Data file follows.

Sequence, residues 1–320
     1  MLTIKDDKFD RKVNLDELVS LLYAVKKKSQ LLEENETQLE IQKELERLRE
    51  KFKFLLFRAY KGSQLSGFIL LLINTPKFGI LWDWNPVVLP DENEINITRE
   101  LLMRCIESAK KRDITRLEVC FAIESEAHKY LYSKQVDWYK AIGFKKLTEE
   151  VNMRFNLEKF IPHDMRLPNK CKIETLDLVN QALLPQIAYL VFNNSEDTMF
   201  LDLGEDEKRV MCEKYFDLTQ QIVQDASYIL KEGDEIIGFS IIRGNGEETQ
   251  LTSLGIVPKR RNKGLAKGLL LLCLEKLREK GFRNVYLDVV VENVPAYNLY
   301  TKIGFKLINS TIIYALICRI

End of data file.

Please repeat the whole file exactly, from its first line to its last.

Sequence, residues 1–320
     1  MLTIKDDKFD RKVNLDELVS LLYAVKKKSQ LLEENETQLE IQKELERLRE
    51  KFKFLLFRAY KGSQLSGFIL LLINTPKFGI LWDWNPVVLP DENEINITRE
   101  LLMRCIESAK KRDITRLEVC FAIESEAHKY LYSKQVDWYK AIGFKKLTEE
   151  VNMRFNLEKF IPHDMRLPNK CKIETLDLVN QALLPQIAYL VFNNSEDTMF
   201  LDLGEDEKRV MCEKYFDLTQ QIVQDASYIL KEGDEIIGFS IIRGNGEETQ
   251  LTSLGIVPKR RNKGLAKGLL LLCLEKLREK GFRNVYLDVV VENVPAYNLY
   301  TKIGFKLINS TIIYALICRI